Growing Herbs in the Air


| June/July 1993





For many home gardeners, a hanging pot of herbs is just that: a potted herb plant that’s hung up with a wire or macrame hanger. Ideally, the herb stems extend and hang down over the sides of the pot, eventually engulfing it in a cascade of lush, fragrant foliage. But it doesn’t usually work out that way; more often, the result is thin, leggy stems producing widely spaced foliage that doesn’t really cover the pot at all.

At the U.S. Botanic Garden in Washington, D.C., we’ve become well known for the lush hanging plants that bask in the summer sun and greet our visitors outside the conservatory entrance. Four years ago, we began replacing some of the standard ivy geraniums, petunias, and lantanas with creeping, cascading ornamental herbs—catmint, peppermint, thyme, oregano, and rosemary—and the results have been outstanding. What you see in the photos is one season’s growth: a giant ball of foliage suspended in the air!

A lush herb basket like this can become a brilliant focal point almost anywhere it can be hung—a post or fence, a tree, an overhang, or a wide doorway. Because of the exposure near the conservatory, we chose sun-loving herbs for most of our baskets, and we made them and the supporting structures quite large because the space is large. We installed a tall “tree” made of metal pipe, and from it we hung eight mammoth herb baskets. The baskets themselves were 24 inches in diameter, made of wire, and suspended by chains from the protruding arms of the “tree”. The ball of herbs in each basket grew up to 4 feet wide. This is probably too large for most homes, but the method of preparing the baskets (described below) also works well for smaller sizes.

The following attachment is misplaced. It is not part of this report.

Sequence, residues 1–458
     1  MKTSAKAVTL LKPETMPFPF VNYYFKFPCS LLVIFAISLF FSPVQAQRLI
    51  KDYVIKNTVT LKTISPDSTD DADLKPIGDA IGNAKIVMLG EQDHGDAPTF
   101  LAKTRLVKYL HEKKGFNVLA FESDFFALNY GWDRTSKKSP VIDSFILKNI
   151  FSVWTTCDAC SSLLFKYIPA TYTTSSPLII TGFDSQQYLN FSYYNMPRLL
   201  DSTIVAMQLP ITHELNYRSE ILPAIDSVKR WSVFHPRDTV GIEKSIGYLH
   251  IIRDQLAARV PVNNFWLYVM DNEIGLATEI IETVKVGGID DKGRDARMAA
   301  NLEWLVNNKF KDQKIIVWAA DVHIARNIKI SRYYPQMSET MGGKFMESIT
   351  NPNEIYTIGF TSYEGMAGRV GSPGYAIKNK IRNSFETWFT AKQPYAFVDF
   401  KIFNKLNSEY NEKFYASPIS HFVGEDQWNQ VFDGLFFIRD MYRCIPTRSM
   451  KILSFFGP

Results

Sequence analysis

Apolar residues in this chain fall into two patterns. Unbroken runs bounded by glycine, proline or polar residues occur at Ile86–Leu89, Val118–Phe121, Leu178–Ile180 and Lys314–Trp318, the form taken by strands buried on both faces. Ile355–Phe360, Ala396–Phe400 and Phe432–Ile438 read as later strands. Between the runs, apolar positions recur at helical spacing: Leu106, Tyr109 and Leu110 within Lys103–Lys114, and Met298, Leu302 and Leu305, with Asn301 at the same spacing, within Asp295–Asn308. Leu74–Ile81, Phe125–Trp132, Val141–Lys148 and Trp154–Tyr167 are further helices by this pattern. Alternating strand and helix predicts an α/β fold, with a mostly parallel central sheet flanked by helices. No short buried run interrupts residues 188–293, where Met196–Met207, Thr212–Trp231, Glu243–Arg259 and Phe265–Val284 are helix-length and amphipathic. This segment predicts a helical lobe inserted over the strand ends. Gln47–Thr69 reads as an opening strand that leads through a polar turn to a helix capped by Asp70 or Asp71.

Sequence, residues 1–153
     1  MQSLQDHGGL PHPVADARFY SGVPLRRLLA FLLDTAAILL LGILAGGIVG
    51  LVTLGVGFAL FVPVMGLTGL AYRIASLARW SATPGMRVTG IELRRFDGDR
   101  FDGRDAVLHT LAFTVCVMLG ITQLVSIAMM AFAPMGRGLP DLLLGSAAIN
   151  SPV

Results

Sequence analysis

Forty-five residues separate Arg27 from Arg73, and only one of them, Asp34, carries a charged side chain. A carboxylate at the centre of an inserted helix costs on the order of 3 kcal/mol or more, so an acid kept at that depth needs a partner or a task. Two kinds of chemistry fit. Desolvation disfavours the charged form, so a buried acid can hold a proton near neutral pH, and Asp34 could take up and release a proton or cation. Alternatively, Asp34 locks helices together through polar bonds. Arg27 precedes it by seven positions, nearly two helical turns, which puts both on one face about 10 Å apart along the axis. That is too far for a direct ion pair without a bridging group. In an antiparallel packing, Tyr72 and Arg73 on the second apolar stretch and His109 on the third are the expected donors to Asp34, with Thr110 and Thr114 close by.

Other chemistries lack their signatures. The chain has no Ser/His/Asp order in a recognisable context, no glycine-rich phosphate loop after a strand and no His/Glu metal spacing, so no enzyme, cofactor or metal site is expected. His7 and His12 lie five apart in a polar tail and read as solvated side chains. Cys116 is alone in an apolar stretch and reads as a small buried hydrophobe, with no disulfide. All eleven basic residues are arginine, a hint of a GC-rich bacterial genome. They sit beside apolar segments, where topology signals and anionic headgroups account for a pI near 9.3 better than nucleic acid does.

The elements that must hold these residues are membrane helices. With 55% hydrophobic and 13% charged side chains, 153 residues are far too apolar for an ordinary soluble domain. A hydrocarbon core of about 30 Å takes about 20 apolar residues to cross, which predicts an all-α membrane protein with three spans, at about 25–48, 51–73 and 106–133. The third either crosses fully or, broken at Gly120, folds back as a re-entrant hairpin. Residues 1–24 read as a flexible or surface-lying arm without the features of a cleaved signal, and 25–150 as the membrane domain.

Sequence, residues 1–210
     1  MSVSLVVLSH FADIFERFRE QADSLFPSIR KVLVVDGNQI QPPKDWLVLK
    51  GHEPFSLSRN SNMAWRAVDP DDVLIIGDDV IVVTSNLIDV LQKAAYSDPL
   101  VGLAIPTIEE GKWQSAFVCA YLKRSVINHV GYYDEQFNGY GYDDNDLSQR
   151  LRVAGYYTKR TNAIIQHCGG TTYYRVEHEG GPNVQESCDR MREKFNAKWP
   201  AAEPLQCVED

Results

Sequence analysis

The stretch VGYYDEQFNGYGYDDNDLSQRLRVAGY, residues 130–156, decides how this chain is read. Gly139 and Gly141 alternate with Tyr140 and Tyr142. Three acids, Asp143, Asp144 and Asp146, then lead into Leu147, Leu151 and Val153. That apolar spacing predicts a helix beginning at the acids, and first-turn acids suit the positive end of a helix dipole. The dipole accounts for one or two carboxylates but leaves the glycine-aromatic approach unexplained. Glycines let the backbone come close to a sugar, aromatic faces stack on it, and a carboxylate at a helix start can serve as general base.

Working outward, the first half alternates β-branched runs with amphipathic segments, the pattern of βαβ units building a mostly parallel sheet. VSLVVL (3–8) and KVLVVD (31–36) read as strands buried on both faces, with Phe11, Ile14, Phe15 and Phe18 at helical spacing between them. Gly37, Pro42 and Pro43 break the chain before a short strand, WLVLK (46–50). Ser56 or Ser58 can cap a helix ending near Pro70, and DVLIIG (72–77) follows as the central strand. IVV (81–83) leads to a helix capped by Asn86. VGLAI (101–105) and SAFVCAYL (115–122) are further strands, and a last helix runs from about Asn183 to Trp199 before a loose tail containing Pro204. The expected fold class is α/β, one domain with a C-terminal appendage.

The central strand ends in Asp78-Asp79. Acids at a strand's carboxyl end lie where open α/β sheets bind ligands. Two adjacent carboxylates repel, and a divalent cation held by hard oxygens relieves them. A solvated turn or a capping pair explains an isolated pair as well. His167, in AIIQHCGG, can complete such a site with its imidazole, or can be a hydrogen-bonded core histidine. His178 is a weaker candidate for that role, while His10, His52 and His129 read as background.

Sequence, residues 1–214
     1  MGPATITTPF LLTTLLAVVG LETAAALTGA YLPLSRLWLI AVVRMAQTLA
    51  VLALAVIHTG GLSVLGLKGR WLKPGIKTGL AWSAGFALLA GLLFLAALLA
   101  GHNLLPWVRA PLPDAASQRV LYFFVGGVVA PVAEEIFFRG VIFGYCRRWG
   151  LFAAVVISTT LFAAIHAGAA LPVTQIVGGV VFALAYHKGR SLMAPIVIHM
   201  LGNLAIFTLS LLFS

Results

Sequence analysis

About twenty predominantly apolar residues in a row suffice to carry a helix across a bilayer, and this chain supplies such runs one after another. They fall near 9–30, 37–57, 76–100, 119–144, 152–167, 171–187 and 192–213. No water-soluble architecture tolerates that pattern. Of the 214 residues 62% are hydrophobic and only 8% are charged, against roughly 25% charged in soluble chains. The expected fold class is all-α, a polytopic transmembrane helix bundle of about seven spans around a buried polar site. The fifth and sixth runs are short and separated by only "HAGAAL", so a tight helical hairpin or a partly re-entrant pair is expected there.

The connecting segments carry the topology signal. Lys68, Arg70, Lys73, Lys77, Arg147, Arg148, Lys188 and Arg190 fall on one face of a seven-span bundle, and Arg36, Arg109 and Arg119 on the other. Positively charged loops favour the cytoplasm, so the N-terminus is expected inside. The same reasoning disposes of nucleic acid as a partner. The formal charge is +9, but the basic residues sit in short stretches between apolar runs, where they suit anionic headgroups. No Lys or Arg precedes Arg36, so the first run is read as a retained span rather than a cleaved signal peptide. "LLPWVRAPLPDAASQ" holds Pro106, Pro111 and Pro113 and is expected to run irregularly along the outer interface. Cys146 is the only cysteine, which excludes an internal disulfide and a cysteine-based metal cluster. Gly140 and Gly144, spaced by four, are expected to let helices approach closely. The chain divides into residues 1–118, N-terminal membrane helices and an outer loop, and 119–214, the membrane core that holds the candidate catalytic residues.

The methods we use for making these hanging baskets of herbs aren’t really new; the principle is similar to that of a strawberry jar. After you understand the basic idea, you’ll probably want to make hanging baskets with many of your favorite herbs.

The plants listed below, and many others, need to rest in winter; they become weak if kept in full growth all year. Herb baskets should be brought indoors when days become short. Keep the plants cool and underwatered, and do not fertilize during this period.

There are three major considerations in deciding where to hang your herb baskets. The first and most obvious is that they must hang from a sturdy support because the baskets are quite heavy just after watering. The second is that the soil in the basket is enclosed only in a wire frame lined with a thin layer of unmilled sphagnum peat. After watering, the basket will continue to drip for as long as an hour, which rules out most indoor locations. On the other hand, roots consistently have good aeration—in fact, it is just about impossible to overwater them—and the baskets can be planted on all sides to create a ball of foliage and flowers. The baskets remain full and beautiful throughout the summer, but with such excellent drainage in the hot, humid Washington weather, they need to be watered daily.





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